November 17, 2022

Surgery for hereditary breast cancer

Similar rates of bilateral mastectomy in women with inherited mutations in high- and moderate-penetrance genes raises concerns about possible overtreatment of some patients, Vanderbilt researchers report.

Women with inherited mutations in breast cancer genes have lifetime varying breast cancer risks, ranging from high (e.g., 40% or more for BRCA1, BRCA2, PALB2) to moderate (e.g., 20% or higher for ATM, CHEK2) risk genes. 

Per national practice guidelines, risk-reducing bilateral mastectomy is a consideration for patients with inherited mutations in high- but not moderate-penetrance risk genes.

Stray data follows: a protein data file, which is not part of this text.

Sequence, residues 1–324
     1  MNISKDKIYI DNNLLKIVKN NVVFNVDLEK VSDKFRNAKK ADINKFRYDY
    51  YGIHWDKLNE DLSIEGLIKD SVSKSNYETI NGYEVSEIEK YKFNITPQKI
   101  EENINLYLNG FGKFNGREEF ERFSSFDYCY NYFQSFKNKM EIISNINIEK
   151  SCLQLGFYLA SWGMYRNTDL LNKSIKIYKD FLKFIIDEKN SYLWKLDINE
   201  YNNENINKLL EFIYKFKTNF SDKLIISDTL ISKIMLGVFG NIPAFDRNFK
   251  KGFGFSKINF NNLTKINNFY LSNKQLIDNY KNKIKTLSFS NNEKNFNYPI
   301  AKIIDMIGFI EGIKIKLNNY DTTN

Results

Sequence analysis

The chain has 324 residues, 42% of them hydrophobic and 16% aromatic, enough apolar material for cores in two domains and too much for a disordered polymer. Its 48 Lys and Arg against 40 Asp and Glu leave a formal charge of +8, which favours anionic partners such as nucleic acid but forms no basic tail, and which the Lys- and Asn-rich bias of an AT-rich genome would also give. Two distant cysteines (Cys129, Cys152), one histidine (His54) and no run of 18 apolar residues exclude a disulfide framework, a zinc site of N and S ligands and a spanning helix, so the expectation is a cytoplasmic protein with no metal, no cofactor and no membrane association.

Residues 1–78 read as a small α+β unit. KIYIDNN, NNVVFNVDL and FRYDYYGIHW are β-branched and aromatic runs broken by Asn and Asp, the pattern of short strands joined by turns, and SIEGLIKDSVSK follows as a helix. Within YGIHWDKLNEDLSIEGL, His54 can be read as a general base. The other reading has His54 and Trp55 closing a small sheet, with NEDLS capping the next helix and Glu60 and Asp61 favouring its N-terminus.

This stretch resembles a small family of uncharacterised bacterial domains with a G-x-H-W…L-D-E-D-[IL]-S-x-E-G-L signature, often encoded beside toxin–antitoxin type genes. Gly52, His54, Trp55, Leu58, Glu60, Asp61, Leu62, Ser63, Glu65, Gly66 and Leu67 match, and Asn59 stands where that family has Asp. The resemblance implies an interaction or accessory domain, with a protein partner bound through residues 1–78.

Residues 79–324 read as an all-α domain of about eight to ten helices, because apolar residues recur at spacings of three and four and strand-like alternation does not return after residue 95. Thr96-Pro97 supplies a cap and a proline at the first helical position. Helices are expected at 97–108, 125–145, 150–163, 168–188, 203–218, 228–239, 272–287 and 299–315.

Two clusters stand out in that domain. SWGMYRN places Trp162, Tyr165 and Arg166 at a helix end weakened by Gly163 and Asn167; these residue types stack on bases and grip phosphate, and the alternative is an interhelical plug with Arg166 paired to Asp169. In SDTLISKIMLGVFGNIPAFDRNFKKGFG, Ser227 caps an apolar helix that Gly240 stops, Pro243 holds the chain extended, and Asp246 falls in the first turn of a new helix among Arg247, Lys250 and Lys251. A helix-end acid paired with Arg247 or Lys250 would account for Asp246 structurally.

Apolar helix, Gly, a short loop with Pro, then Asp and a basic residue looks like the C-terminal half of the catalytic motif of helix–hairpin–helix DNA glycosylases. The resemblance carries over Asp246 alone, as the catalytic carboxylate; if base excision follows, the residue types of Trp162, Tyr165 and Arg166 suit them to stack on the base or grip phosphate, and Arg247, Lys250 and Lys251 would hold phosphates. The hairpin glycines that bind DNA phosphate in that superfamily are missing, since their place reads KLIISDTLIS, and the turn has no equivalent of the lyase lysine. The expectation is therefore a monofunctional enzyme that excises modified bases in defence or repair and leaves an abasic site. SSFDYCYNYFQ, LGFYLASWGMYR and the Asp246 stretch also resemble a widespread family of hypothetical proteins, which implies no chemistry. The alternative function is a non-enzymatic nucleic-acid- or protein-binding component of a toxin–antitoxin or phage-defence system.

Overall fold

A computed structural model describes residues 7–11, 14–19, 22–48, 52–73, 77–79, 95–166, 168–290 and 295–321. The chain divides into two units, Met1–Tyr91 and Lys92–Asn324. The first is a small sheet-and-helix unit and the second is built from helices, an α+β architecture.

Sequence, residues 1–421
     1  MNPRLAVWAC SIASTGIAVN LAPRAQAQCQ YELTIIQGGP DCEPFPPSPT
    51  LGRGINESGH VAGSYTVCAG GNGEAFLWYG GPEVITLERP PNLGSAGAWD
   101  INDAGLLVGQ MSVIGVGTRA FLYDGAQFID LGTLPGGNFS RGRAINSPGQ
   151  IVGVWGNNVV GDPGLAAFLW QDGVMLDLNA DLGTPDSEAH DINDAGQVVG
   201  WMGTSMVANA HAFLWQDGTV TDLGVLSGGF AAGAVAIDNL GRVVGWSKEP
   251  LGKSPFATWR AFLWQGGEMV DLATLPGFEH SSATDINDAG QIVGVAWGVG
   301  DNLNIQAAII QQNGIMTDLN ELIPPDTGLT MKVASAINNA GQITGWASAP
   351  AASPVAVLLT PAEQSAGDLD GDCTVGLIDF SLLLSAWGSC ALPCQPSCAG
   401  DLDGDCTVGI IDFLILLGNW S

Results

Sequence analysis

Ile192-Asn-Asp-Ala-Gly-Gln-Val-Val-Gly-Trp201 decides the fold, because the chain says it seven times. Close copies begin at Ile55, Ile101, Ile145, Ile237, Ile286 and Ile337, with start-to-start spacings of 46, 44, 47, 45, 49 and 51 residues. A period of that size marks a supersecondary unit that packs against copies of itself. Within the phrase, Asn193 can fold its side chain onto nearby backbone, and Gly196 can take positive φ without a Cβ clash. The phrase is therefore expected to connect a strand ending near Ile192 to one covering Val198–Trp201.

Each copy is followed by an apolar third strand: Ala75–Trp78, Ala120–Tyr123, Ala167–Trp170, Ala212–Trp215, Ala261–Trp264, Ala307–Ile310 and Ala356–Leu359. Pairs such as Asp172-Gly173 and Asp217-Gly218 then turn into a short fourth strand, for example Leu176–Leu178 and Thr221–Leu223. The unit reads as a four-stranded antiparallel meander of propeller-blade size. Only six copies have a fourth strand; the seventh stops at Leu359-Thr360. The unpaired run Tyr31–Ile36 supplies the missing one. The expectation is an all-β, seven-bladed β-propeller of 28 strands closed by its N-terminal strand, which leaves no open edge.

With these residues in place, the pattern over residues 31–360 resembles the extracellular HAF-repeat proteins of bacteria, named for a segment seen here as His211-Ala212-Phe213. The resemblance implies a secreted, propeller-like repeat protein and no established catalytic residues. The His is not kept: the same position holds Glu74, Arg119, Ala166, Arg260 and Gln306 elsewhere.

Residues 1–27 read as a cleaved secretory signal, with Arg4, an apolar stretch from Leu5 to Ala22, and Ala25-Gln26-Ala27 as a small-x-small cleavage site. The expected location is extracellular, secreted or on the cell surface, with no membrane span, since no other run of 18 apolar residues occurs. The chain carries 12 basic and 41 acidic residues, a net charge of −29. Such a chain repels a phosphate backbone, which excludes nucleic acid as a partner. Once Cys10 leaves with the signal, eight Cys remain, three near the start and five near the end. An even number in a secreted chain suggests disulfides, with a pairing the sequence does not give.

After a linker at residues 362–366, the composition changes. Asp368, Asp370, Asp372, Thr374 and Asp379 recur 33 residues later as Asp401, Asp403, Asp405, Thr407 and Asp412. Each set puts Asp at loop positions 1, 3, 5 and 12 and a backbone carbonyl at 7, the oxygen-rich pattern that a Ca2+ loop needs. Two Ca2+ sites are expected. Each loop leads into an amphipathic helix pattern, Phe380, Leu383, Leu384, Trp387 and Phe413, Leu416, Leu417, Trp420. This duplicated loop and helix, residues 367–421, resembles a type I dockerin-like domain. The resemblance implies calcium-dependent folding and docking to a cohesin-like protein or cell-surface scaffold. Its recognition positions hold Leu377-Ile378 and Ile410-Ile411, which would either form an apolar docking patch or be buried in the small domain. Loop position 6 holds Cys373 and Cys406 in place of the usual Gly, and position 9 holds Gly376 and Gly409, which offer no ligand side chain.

Tuya Pal, MD, and colleagues evaluated surgical treatment in 684 adult females with breast cancer and a confirmed mutation in BRCA1, BRCA2, PALB2, ATM or CHEK2, who were enrolled in the Inherited Cancer Registry. They found similar rates of bilateral mastectomy across high- and moderate-penetrance genes. 

The findings, published in JAMA Oncology, raise concerns about possible overtreatment for patients with variants in moderate-penetrance genes. The authors recommend further evaluation and extension of the studies across diverse populations.

Co-authors of the report include Sonya Reid, MD, Mya Roberson, PhD, Kenna Koehler, MD, Tiana Shah, Anne Weidner, MPH, and Jennifer Whisenant, PhD. The study was supported by the National Institutes of Health (grant CA090625), Susan G. Komen Foundation, and American Society of Clinical Oncology.